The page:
Another important point the Florida Supreme Court made absolutely clear is that only a trial court has jurisdiction to decide the waiver issue. "[T]rial courts...enjoy exclusive jurisdiction to resolve the factual issue of whether the parties have waived their statutory right to have the court decide the fee issue." (9) This becomes a very important point when dealing with a case involving interstate commerce or a maritime transaction, which triggers the application of the FAA. (10)

Congress enacted the FAA pursuant to its broad powers under the Commerce Clause. By its express terms, the FAA applies in those situations involving maritime transactions and commerce:

A written provision in any maritime transaction or a contract involving commerce to settle by arbitration a controversy thereafter arising out of such contract or transaction, or the refusal to perform the whole or any part thereof, or an agreement in writing to submit to arbitration an existing controversy arising out of such contract, transaction, or refusal, shall be valid, irrevocable, and enforceable, save any such grounds as exist at law or equity for the revocation of the contract. (11)

The U.S. Supreme Court interpreted the above provision as extending Congress' powers to the full extent of the Commerce Clause. (12) It has been suggested that the FAA "governs virtually every arbitration clause arising out of a commercial transaction." (13)

At least one federal district court, in Ceco Concrete Construction v. J.T. Schrimsher Const. Co., Inc., 792 F. Supp. 109 (N.D. Ga. 1992), had the opportunity to address the above provision of the FAA and its effect on a Georgia statute. Similar to the FAC, the statute prohibits the award of attorneys' fees in an arbitration forum. The Georgia statute reads: "Unless otherwise provided in the agreement to arbitrate, the arbitrators' expenses and fees together with other expenses, not including counsel fees, incurred in the conduct of the arbitration, shall be paid as provided in the award." (14)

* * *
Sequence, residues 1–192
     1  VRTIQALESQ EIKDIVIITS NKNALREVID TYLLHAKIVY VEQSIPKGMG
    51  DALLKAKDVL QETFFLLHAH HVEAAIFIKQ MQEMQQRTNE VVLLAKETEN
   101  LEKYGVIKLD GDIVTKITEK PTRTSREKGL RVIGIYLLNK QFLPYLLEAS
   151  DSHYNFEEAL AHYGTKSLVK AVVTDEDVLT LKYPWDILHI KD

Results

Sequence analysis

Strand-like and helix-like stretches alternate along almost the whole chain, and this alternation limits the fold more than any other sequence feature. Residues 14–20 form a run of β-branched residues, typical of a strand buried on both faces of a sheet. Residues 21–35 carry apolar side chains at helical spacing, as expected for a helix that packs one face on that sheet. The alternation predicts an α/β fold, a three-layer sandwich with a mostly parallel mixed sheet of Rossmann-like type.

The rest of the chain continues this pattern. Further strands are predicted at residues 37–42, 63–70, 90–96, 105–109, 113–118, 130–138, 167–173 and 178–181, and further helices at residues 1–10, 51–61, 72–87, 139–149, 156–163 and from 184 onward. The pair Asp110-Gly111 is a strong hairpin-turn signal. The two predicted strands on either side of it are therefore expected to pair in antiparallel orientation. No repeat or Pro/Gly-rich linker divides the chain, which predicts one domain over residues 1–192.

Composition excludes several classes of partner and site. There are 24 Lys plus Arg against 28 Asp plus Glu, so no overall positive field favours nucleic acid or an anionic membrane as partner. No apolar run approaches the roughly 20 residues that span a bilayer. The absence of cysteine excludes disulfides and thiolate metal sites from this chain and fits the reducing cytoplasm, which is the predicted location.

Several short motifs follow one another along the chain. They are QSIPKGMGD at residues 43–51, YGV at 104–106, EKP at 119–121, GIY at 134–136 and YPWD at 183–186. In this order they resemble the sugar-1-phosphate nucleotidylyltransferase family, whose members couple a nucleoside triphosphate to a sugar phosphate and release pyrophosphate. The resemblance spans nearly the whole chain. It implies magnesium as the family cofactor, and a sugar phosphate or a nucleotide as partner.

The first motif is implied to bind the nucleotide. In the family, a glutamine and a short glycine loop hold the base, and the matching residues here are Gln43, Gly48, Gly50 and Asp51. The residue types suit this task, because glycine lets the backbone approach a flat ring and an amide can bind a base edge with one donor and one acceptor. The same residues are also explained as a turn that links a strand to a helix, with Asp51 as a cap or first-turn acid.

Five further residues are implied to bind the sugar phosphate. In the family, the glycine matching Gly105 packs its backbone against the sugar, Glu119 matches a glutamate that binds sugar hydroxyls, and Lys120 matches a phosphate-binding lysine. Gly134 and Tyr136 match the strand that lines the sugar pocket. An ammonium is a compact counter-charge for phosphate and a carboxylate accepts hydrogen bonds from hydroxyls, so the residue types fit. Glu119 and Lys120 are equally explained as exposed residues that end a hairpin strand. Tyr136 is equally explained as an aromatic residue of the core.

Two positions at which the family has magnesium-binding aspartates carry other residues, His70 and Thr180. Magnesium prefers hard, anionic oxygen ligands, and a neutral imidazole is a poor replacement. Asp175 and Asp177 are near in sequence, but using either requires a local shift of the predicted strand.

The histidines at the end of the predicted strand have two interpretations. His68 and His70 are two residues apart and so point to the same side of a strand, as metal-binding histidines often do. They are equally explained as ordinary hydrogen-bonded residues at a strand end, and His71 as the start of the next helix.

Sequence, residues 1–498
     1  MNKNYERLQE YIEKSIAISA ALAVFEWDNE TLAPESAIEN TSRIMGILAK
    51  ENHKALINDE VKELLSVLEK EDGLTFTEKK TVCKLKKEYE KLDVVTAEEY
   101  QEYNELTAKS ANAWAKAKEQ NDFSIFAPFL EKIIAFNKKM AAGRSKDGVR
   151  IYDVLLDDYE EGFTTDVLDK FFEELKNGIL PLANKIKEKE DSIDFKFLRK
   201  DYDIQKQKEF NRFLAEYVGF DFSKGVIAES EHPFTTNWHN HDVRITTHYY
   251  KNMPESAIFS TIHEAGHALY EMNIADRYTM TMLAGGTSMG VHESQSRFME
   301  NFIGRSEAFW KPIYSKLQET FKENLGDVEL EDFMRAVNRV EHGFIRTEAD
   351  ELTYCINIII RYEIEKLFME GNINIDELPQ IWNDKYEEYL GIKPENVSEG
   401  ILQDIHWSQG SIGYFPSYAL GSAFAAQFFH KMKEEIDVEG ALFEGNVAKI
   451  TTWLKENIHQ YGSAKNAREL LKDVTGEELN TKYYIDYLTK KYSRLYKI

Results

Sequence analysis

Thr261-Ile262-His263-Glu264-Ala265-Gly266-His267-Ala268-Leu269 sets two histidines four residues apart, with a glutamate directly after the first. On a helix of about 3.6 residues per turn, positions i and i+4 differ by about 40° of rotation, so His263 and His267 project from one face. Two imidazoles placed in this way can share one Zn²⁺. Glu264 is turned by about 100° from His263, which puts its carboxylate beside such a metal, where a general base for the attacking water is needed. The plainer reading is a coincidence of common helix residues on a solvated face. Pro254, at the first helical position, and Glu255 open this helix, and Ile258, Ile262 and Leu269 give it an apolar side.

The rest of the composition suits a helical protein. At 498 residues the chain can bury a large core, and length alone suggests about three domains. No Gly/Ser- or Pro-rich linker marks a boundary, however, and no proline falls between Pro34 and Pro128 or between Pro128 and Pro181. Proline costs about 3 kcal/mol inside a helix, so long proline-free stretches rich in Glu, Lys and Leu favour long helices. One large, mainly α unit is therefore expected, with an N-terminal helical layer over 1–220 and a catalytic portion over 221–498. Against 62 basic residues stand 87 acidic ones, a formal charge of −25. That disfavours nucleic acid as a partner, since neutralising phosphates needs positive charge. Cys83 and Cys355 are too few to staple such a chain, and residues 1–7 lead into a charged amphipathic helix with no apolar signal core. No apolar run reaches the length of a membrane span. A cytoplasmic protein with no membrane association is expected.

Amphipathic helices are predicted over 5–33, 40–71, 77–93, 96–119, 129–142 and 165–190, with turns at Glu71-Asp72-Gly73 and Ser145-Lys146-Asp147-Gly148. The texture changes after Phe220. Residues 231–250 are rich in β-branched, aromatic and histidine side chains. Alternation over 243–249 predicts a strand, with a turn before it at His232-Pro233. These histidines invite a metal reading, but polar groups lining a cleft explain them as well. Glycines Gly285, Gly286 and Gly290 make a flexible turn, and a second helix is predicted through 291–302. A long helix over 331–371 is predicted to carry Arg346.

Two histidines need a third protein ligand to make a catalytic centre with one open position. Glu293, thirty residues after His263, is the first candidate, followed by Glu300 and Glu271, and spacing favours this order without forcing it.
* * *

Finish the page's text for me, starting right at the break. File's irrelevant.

The district court opinion held:

Once it is found ... that the underlying contract involves interstate or foreign commerce or a maritime transaction, the Federal Arbitration Act preempts the field. (Citing Coenen v. R.W.Pressprich & Co., 453 F.2d 1209 (2d Cir. 1972)). Whatever court or tribunal, state or federal, is applying the law must then resort to the Federal Arbitration Act and the body of Federal common law construing it. (15)

There is no question that, in those cases in which the FAA conflicts with state law, federal law controls. As acknowledged by the Florida Fourth DCA in Merrill Lynch, Pierce, Fenner & Smith v. Melamed, 405 So. 2d 790 (Fla. 4th DCA 1981):

The supremacy clause requires us to resolve any inconsistency between the two laws in favor of the federally created right, and to subordinate Florida law to the supreme law of the land. We therefore hold that Florida courts must recognize and apply the Federal Arbitration Act and that arbitration agreements which are valid and enforceable under the federal law are also valid and enforceable in Florida courts. (16)

Florida appellate courts that have addressed the supremacy question in connection with arbitration proceedings have concluded there is no problem because there is no conflict or inconsistency between Florida and federal law. (17)

The Florida Legislature has expressly provided that attorney's fees for time spent in arbitration are recoverable but only in the trial court upon a motion for confirmation or enforcement of the award. [section]682.11, Fla. Stat. (1989). In conformity with the statute, our court's long-established policy has been to exclude the resolution of attorney's fee demands from the arbitrator's authority; Florida defers instead to the expertise of trial judges.... In contrast, there is nothing in the federal code denominating arbitration as the favored means of establishing a reasonable attorney's fee, nor does the code contain an express preempting provision. As the Supreme Court emphasized in Volt Information Sciences, Inc. v. Board of Trustees of Leland...